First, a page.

The Geoarcheology of Ancient Water Control in the Southwest: Lessons from the Past

The Geoarcheology of Ancient Water Control in the Southwest: Lessons from the Past

Jun 5 2018 -
6:00pm to 9:00pm

The control and management of water in the North American Southwest dates back at least 3500 years and played a key role in long-term adaptations of ancient societies. Water was captured, diverted, and stored for purposes of domestic consumption and agricultural production. Strategies varied depending on local environmental factors and cultural needs. Hundreds of miles of canals were constructed along perennial rivers like the Salt, Gila, and Verde. Earthen reservoirs were constructed to capture runoff in the desert interior. Evidence for this ancient hydraulic infrastructure can be quite subtle depending on the scale of engineering and geological processes that modify the archaeological record. An understanding of geological surficial processes is essential for studying these ancient waterworks given that the physical remains are often defined by stratigraphy and best understood when placed within a geomorphic context. I will discuss some of my geoarchaeological research on ancient water control, focusing on the southern deserts of Arizona where water management was a hallmark trait of ancient societies like the Hohokam (A.D. 450-1450). This research makes clear that people have long dealt with the challenges of population growth and climate variability in arid environments, and that human resilience to stress varied through time. Such insights are relevant to the challenges we face today in the Southwest.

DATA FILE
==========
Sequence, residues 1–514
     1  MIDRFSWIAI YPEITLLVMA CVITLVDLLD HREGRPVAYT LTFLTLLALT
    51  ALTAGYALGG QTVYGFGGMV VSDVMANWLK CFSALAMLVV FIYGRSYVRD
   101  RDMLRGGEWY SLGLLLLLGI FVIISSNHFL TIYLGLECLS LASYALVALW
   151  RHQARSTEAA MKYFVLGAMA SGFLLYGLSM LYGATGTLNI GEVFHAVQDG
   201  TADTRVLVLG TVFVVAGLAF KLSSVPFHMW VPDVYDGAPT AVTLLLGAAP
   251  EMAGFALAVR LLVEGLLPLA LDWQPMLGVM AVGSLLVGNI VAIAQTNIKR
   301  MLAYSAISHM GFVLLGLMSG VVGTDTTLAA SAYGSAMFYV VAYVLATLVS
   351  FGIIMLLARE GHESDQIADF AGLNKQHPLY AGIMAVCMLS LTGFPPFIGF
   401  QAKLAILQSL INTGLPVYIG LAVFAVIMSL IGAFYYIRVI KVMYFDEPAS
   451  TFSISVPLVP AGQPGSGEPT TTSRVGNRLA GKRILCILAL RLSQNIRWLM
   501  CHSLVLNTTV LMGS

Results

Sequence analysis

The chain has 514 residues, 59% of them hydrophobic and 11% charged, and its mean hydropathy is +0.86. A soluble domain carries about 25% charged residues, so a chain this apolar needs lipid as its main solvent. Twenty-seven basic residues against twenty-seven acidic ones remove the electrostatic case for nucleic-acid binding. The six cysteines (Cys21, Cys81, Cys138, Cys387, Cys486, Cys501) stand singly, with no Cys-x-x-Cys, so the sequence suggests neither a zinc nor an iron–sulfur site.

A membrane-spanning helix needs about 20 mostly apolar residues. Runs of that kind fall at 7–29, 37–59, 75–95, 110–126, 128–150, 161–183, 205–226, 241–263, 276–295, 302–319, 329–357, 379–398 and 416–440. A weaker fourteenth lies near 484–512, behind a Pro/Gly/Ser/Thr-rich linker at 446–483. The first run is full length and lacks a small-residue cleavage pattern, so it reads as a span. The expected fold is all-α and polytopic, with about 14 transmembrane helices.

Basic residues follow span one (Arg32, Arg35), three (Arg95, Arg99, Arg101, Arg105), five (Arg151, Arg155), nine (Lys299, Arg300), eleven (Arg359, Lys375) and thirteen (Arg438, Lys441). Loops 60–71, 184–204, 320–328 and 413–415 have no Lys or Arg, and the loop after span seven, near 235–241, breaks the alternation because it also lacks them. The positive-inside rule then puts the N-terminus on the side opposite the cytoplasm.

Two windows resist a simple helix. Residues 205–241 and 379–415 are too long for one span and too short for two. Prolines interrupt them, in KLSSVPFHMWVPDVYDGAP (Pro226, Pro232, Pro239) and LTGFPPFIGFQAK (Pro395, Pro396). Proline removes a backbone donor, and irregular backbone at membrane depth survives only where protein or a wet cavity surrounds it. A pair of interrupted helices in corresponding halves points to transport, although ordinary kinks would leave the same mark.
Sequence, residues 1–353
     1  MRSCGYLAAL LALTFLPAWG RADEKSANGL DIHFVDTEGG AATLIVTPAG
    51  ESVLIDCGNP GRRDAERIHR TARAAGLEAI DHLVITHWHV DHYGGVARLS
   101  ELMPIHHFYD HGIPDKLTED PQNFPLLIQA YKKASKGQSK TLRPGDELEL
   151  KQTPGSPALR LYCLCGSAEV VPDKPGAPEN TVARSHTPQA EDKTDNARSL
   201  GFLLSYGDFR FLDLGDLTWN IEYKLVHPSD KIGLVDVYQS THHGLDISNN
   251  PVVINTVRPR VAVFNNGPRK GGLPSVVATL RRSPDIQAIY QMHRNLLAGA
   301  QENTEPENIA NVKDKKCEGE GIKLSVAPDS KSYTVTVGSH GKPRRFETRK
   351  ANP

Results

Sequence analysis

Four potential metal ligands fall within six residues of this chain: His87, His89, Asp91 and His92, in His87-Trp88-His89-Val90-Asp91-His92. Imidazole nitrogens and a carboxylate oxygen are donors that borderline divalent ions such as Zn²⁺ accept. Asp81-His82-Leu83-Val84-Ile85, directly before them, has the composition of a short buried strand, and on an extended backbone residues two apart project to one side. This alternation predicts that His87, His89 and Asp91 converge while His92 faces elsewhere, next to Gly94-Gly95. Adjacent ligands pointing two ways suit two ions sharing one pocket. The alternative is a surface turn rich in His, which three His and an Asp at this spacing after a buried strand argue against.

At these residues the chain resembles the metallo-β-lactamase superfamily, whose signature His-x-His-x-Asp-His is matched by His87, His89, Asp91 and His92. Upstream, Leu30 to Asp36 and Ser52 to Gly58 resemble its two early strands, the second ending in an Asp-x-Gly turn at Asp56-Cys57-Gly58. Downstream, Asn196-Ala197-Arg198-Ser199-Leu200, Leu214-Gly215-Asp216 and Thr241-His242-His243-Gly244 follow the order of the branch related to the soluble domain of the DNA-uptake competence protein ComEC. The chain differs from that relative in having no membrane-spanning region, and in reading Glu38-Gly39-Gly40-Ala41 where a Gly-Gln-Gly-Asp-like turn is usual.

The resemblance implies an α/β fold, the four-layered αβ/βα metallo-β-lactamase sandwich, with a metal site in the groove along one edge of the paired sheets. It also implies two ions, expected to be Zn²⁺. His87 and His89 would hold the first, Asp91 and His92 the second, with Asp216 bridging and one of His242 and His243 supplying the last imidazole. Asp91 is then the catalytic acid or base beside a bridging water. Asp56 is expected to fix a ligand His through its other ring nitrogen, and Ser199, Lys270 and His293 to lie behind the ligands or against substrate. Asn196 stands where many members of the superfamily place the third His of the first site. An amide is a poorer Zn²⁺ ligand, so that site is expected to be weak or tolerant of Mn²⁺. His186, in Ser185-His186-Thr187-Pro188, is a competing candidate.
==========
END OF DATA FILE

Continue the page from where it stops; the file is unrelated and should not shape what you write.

Cost: 
$33
Location: 

Sheraton: 5151 E Grant Rd. (& Rosemont), Tucson AZ 85712